- Nasa study shows tropical forests absorb 1.5 billion tonnes of CO2 a year
- Rainforests absorb more than half of CO2 taken up by vegetation globally
- Scientists previously believed tropical forests emitted carbon dioxide
- Researchers claim their findings emphasise the need to protect rainforests from deforestation to help counteract human greenhouse gas emissions
Trees and plants in tropical forests are absorbing 1.5 billion tonnes of carbon dioxide a year.
The researchers claim their findings show that rainforests are essential for soaking up excess greenhouse gases,
and play a far greater role than had been previously realised.
The researchers claim their findings show that rainforests like the Amazon are essential for soaking up excess greenhouse gases, and play a far greater role than had been previously realised. Dr David Schimel, a researcher at Nasa's Jet Propulsion Laboratory in California, who led the study, said: 'This is good news, because uptake in boreal forests is already slowing, while tropical forests may continue to take up carbon for many years.' However, Dr Schimel and his colleagues warn that deforestation in tropical rainforests could exacerbate climate change by leaving more carbon dioxide in the atmosphere.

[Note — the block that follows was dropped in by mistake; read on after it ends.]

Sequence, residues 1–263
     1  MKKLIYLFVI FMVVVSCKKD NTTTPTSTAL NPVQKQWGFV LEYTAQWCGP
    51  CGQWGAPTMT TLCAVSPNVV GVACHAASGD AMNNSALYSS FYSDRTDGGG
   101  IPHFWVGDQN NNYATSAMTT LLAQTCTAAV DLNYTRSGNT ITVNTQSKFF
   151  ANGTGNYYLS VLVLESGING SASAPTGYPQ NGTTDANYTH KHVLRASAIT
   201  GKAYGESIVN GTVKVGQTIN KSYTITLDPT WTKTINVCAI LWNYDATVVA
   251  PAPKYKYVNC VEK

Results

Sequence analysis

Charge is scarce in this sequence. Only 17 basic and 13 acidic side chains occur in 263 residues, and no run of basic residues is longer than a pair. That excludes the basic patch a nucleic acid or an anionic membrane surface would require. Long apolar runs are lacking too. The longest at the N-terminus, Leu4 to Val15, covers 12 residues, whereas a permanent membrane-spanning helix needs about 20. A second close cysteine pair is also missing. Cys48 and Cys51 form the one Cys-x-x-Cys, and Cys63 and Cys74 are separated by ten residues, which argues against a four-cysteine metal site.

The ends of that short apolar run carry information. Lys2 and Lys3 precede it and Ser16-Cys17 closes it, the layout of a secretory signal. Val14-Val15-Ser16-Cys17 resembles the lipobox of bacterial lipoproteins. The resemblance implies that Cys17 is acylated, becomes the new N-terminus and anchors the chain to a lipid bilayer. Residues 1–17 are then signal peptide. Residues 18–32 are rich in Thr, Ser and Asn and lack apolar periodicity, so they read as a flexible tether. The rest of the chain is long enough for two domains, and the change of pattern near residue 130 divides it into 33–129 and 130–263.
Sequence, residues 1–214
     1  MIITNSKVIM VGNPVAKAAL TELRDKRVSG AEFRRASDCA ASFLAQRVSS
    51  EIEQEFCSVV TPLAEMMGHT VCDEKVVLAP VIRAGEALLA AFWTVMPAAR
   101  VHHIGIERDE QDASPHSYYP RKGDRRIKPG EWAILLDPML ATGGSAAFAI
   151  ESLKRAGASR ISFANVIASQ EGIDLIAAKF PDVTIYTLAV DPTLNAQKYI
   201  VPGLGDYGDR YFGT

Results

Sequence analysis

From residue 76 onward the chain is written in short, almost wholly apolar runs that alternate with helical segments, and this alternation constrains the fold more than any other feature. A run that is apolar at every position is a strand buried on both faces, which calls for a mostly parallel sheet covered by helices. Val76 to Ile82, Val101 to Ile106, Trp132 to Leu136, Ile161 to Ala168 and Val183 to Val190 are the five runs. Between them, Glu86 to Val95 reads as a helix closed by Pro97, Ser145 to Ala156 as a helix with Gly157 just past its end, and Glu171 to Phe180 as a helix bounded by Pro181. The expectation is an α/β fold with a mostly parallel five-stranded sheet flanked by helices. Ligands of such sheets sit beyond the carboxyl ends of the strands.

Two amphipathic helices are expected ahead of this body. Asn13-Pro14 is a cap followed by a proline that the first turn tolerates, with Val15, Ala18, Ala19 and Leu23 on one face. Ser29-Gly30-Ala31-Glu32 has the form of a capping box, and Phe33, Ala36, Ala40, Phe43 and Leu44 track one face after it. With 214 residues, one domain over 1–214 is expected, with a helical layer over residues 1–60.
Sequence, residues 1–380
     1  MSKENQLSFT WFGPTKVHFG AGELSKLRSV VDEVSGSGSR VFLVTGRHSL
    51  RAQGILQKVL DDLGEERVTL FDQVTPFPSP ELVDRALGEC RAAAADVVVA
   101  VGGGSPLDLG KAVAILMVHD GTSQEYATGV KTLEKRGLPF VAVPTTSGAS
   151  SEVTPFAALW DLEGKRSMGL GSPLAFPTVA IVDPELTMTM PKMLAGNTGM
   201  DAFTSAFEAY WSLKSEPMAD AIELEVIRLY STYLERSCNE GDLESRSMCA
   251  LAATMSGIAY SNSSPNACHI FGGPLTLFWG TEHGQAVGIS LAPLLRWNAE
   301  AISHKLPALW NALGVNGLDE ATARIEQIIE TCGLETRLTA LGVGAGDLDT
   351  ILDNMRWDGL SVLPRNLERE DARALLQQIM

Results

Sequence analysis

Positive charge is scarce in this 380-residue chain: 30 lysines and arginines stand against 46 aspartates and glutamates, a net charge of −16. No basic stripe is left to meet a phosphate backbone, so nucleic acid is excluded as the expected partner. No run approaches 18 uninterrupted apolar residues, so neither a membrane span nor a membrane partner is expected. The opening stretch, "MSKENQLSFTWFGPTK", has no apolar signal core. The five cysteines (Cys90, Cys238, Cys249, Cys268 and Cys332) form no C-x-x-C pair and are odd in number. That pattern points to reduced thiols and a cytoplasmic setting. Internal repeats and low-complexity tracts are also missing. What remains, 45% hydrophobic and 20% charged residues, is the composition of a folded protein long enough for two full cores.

In total, they estimate that forests and other vegetation absorb around 2.7 billion tonnes of carbon dioxide, about 30 per cent of that emitted by humans.
Deforestation and burning releases carbon dioxide into the atmosphere, and were thought to cause tropical forests
to release more carbon dioxide than they absorbed. But the new study suggests this is not the case.